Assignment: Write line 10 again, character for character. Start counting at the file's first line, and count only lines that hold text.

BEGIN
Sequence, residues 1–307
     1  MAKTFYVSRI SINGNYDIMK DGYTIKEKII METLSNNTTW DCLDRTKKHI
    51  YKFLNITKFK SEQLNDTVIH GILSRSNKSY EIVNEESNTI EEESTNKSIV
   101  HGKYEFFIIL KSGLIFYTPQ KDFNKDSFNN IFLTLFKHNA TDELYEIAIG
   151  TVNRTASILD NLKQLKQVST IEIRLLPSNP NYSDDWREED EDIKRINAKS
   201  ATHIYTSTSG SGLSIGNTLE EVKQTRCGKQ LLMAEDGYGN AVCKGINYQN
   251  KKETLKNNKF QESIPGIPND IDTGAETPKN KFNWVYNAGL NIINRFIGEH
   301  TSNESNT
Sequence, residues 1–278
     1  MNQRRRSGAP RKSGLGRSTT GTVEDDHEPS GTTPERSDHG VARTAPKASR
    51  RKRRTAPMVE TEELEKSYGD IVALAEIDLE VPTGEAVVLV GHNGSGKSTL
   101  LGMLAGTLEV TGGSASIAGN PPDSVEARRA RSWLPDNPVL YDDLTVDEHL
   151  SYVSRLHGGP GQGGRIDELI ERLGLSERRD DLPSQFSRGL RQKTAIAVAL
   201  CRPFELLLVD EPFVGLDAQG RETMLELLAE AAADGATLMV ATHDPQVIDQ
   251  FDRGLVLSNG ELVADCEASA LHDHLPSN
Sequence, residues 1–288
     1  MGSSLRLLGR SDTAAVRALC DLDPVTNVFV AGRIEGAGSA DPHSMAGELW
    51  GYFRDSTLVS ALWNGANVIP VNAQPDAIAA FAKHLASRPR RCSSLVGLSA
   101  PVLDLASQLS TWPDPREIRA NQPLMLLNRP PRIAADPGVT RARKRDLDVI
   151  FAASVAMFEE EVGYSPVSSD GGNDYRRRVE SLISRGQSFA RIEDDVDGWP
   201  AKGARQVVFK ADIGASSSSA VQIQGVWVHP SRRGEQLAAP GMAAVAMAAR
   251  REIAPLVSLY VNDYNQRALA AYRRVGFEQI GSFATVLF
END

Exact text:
     1  MNQRRRSGAP RKSGLGRSTT GTVEDDHEPS GTTPERSDHG VARTAPKASR